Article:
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Nurses’ voice: the role of hierarchy and leadership

Type of publication Peer-reviewed
Publikationsform Original article (peer-reviewed)
Author Krenz Hanna, Burtscher Michael Josef, Grande Bastian, Kolbe Michaela,
Project Speaking Up for patient safety: Investigating the social dynamics of voice behavior in healthcare
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Original article (peer-reviewed)

Journal Leadership in Health Services
Volume (Issue) 33(1)
Page(s) 12 - 26
Title of proceedings Leadership in Health Services
DOI 10.1108/lhs-07-2019-0048

Abstract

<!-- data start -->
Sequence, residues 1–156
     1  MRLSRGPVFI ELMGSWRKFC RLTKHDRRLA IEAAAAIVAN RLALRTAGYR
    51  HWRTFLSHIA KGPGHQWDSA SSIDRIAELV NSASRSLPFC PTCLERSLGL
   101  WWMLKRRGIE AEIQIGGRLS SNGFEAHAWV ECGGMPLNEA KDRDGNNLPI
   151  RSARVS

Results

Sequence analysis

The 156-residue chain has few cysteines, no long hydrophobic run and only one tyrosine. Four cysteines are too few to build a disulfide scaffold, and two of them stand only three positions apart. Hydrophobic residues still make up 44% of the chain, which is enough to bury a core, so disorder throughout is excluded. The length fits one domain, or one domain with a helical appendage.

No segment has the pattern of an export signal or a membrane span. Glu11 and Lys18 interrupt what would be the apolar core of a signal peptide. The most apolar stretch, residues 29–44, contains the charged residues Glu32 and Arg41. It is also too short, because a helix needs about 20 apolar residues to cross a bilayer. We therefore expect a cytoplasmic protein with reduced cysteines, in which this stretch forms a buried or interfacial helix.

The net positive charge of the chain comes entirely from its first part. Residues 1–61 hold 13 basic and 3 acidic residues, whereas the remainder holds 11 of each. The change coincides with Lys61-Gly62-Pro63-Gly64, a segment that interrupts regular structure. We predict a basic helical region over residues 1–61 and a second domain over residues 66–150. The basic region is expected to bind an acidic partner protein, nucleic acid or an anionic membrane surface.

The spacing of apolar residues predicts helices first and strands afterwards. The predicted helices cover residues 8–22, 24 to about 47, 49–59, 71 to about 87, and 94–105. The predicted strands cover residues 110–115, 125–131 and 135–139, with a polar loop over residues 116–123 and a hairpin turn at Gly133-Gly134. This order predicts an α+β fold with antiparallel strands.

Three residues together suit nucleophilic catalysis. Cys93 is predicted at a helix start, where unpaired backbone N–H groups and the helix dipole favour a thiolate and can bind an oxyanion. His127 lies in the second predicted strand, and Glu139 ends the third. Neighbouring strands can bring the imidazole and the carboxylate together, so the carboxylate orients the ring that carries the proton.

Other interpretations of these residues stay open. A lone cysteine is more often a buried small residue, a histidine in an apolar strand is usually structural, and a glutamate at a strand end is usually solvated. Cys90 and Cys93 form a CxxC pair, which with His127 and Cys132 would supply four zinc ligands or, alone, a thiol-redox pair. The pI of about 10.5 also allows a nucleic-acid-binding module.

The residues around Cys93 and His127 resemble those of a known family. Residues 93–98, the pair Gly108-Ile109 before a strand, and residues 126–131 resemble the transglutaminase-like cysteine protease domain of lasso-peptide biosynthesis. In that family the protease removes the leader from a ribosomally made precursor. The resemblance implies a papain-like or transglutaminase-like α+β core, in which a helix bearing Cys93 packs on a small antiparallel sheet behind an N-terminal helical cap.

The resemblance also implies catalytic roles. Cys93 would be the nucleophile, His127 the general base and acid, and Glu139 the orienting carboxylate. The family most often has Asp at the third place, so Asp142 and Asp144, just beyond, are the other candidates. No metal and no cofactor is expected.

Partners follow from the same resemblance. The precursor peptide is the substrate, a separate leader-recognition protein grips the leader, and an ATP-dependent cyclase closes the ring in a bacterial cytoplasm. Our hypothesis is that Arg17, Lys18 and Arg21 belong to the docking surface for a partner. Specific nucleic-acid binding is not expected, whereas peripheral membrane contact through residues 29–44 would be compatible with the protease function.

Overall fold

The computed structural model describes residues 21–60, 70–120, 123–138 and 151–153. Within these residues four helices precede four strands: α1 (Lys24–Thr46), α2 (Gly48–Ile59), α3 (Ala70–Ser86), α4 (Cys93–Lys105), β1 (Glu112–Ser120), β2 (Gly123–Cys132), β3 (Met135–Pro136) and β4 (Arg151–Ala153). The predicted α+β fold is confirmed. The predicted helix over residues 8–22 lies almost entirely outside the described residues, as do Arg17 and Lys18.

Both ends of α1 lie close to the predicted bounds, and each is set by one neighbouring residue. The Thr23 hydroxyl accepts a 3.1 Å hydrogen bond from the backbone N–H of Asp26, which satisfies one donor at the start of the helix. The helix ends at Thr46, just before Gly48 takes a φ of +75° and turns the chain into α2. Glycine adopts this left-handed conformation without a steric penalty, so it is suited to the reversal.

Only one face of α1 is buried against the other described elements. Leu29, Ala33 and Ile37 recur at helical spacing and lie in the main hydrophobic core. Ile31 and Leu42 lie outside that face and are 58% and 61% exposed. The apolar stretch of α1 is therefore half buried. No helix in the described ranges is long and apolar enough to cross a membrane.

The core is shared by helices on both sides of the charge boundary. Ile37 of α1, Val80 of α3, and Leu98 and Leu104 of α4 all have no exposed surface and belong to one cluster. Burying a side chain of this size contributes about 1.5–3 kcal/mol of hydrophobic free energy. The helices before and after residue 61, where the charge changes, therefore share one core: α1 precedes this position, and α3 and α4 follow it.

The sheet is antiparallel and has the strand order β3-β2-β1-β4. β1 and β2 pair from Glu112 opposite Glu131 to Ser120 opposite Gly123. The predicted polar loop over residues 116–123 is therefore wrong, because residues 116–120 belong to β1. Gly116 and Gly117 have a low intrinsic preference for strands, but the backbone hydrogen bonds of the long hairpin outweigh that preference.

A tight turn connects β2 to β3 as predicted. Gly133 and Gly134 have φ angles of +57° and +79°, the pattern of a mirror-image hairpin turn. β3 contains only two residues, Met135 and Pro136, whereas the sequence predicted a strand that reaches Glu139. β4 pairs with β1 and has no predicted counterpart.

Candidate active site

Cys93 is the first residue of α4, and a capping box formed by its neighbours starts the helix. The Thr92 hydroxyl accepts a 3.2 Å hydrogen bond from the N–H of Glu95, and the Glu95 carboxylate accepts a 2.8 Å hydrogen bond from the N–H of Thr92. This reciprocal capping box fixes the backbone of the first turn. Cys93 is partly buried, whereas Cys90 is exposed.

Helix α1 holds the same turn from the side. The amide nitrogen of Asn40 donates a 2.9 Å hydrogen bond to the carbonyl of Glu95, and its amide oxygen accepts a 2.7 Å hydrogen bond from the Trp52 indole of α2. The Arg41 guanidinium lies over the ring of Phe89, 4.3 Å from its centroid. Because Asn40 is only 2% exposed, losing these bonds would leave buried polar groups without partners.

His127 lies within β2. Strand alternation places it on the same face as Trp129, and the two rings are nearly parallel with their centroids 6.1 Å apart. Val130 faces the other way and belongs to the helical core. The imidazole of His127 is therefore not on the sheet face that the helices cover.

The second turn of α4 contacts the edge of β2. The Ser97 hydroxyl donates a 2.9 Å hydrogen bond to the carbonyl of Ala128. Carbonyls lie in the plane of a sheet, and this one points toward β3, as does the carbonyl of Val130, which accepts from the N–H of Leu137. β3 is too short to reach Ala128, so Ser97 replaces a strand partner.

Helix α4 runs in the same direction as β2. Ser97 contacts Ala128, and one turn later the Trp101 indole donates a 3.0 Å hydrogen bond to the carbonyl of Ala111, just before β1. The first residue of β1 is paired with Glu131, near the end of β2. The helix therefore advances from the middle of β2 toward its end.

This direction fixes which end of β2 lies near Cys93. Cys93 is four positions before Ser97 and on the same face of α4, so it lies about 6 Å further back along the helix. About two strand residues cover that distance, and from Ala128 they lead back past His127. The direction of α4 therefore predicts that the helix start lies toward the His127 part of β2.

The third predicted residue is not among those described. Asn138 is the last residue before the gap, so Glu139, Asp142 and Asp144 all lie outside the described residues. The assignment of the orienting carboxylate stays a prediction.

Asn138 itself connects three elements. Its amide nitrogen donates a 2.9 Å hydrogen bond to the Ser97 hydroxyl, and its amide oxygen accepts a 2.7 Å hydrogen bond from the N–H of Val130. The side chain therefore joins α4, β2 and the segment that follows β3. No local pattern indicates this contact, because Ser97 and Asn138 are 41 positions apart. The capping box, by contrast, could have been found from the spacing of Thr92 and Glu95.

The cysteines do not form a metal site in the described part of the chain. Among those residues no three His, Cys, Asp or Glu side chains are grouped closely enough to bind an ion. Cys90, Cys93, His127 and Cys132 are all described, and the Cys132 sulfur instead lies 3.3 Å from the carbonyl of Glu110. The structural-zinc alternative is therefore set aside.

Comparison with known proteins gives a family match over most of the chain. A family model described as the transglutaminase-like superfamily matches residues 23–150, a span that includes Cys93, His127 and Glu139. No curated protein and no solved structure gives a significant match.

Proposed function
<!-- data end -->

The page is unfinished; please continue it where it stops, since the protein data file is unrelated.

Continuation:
Purpose: Voicing concerns and suggestions is crucial for preventing medical errors and improving patient safety. Research suggests that hierarchy in health-care teams impair open communication. Hierarchy, however, can vary with changing team composition, particularly during acute care situations where more senior persons join the team later on. The purpose of this study is to investigate how changes in hierarchy and leadership were associated with nurses’ voice frequency and nurses’ time to voice during simulated acute care situations. Design/methodology/approach: This study’s sample consisted of 78 health-care providers (i.e. nurses, residents and consultants) who worked in 39 teams performing complex clinical scenarios in the context of interprofessional, simulation-based team training. Scenarios were videotaped and communication behaviour was coded using a systematic coding scheme. To test the hypotheses, multilevel regression analyses were conducted. Findings: Hierarchy and leadership had no significant effect on nurses’ voice frequency. However, there were significant relationships between nurses’ time to voice and both hierarchy ( γ = 30.00, p = 0.002; 95 per cent confidence interval [CI] = 12.43; 47.92) as well as leadership ( γ = 0.30, p = 0.001; 95 per cent CI = 0.12; 0.47). These findings indicate that when more physicians are present and leadership is more centralised, more time passes until the first nurses’ voice occurred. Originality/value: This study specifies previous findings on the relationships between hierarchy, leadership and nurses’ voice. Our findings suggest that stronger hierarchy and more centralised leadership delay nurses’ voice but do not affect the overall frequency of voice.
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